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The profilin (Pfn) family of proteins were originally characterized and studied as regulators of actin polymerization. First identified in 1976, these small (14-17 kDa) proteins exist as four isoforms in humans (Pfn1-4). Pfn1 is expressed in most cell types, Pfn2 is primarily localized to the brain, and Pfn3 and Pfn4 are localized to the testes. Pfn expression is essential for the embryonic development of mice. However, forty years later, the role of Pfn proteins in regulating actin polymerization, activating intracellular signal transduction pathways via binding to polyphosphoinositides, regulating microtubule end turnover, binding ligands via poly-L-proline domains, and potentially suppressing tumorigenicity is still being investigated. This newsletter describes the different biological interactions that Pfns are involved in and how these interactions affect actin polymerization.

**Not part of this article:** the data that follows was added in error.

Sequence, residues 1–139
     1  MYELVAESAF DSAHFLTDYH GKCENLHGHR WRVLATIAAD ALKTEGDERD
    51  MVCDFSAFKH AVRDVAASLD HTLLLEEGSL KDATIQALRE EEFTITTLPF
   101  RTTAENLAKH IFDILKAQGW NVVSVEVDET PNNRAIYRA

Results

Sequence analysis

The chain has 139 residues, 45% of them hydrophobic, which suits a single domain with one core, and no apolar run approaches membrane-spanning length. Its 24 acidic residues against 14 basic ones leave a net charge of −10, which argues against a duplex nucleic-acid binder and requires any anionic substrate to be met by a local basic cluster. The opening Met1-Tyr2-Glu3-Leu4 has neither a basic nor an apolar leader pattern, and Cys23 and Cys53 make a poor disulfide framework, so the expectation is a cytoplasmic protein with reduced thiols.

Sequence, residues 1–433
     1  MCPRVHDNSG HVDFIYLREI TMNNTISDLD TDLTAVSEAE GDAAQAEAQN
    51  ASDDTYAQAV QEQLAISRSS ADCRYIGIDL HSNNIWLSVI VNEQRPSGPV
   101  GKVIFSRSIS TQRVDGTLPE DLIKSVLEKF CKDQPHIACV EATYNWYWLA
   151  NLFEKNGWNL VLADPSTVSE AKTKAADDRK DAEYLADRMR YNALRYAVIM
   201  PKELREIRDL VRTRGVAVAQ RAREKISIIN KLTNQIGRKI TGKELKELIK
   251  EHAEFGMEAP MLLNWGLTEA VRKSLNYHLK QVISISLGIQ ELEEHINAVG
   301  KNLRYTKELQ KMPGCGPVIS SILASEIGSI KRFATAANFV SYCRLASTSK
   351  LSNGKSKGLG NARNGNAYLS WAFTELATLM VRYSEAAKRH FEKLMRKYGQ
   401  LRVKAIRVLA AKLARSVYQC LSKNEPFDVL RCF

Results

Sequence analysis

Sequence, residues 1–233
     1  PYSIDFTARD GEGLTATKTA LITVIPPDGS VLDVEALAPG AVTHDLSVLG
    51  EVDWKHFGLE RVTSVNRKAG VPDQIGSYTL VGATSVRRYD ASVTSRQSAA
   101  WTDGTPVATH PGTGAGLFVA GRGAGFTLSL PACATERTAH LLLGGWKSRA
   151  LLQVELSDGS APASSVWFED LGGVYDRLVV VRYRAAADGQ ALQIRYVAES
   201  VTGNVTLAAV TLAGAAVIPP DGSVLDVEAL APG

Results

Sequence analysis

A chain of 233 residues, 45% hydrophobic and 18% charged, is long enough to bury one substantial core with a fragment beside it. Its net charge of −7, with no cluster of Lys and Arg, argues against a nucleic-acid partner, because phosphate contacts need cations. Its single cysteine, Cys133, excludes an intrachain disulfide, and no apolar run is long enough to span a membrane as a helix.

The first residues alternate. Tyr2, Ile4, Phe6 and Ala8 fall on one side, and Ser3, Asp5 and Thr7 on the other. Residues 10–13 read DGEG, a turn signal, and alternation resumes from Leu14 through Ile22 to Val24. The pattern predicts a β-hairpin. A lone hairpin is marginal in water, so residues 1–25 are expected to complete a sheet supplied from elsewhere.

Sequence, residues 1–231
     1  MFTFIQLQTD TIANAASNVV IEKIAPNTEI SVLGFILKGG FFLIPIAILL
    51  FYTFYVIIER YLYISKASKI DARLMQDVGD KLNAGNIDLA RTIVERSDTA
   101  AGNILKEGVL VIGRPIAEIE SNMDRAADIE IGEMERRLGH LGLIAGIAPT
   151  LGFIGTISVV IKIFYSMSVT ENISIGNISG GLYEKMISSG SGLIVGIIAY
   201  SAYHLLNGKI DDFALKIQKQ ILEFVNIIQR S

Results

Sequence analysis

Profilins and Actin Polymerization

Cellular processes such as trafficking, motility, division, and growth require remodeling of the actin cytoskeleton. Pfns regulate actin polymerization and can both inhibit and promote actin polymerization. Pfns bind to monomeric G-actin in a 1:1 ratio with a binding affinity of 0.1 µM, effectively sequestering the G-actin from incorporation into growing filaments. Notably, the intracellular concentration of Pfns has been estimated to be 10-80 µM, which is not sufficient to maintain the high concentrations of G-actin found in the cell.

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 Also included in this newsletter:

  • Actin Proteins, Actin Biochem Kits, and more.
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    Posted in News By

    Alex Castellanos